Our Behavioural Science lab has been instrumental in taking my research to the next level. My recent studies on employer discrimination and gender bias against teachers have benefited from the state-of-the-art testing facility.
Here's why the Lab has ensures my studies are the best they can be.
Put simply, the Behavioural Science Lab gives me access to some of the best tools available.
As probably the best environment to make clean causal inference it has shaped the way I plan and conduct my research in a number of ways because different treatments – or conditions – can be created that differ only in one parameter of interest. This allows you to infer the causal effect of that single change you have made.
Using the Lab benefits my research because it gives me the best of both worlds: the Lab’s artificial environment gives me data that allows for clean causal interpretation that I can then combine with evidence from the field.
I have conducted a number of studies on how people update and change their beliefs when they receive new information. In a recent study I found that people tend to underreact to new information and this can generate labour market discrimination, even if there is no bias or discrimination to begin with.
A lot of my research is on how beliefs are formed in social networks. Do people account for correlation in the information they receive from their network neighbours and to which extent do they account for the fact that the sample of people they interact with is highly selected?
Studying questions like this outside a lab is very difficult as there are so many factors at play which simultaneously impact all these dimensions. Our Lab allows me to isolate certain factors I want to focus on.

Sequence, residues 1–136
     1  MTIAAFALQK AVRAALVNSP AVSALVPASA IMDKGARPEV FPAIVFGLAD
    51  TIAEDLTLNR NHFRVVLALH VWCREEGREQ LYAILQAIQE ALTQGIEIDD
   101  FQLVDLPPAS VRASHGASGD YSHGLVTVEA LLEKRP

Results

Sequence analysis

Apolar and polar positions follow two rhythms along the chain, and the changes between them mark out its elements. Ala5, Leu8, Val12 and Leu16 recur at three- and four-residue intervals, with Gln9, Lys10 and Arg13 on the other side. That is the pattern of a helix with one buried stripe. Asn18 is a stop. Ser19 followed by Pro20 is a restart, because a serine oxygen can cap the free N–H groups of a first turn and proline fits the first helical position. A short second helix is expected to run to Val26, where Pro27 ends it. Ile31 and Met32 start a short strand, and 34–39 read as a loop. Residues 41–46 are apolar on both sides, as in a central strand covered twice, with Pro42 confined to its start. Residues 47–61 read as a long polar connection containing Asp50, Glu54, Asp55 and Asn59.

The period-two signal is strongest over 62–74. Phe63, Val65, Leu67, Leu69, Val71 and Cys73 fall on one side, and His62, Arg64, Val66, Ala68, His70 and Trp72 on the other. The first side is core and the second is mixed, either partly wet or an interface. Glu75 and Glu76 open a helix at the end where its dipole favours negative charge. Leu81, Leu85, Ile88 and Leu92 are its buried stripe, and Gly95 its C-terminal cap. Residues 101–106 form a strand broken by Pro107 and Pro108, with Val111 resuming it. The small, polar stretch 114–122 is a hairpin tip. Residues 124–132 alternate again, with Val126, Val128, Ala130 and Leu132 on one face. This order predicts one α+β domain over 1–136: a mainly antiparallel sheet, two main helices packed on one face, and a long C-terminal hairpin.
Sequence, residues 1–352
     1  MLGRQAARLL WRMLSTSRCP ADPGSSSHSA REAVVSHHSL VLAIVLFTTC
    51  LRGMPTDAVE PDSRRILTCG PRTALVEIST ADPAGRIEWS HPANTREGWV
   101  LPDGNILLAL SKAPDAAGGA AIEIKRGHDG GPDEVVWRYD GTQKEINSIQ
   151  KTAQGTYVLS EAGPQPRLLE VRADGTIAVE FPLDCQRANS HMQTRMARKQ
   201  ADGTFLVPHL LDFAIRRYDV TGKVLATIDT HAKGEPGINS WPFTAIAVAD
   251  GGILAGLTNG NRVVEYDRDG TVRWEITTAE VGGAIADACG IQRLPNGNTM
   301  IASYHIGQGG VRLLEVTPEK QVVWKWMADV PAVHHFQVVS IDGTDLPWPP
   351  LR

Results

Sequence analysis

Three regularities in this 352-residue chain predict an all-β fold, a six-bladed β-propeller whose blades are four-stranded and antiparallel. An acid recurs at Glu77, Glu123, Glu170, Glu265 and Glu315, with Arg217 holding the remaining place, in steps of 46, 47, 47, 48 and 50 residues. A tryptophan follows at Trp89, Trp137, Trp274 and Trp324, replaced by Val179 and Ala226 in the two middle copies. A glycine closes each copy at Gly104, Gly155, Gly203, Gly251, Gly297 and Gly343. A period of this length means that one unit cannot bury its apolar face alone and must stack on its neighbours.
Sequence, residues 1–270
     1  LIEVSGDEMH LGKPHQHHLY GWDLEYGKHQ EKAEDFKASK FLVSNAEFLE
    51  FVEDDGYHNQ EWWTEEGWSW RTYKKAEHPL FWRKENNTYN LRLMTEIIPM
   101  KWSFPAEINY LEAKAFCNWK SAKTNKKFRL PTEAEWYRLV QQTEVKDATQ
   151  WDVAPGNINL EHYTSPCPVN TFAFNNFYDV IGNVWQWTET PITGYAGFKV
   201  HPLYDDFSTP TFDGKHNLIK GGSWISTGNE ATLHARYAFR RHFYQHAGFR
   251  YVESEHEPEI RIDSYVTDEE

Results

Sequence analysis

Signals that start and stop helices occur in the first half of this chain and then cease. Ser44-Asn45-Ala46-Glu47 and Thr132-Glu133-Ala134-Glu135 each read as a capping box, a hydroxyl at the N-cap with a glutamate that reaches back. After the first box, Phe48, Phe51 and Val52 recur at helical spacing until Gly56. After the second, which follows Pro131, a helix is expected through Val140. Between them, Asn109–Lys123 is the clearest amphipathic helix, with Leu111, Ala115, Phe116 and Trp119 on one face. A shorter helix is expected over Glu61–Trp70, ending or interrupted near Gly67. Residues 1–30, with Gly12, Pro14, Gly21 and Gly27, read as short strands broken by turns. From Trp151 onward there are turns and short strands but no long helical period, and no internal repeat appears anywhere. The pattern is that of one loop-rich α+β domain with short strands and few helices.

Another complication when studying these questions is that people usually choose who they interact with and what information they consume, complicating causal inference. For clean causal inference you usually need some exogenous variation in what information people see. Our Lab allows us to do this quite easily.
University of Essex, University of Essex
Friederike is a Professor of Economics at the University of Essex and a Visiting Guest Professor at the University of Heidelberg. She is also a Fellow of the Academy of Social Sciences (UK). Much of her research is on (Evolutionary) Game Theory and Learning with a particular interest in learning across games and categorization as well as models of (bounded) rationality more generally. Another focus of her research is the study of behaviour in social networks and the emergence of social norms. She also works on social identity, the formation of preferences and discrimination. She received an ERC Starting grant in 2018 for her work on Opinion Dynamics.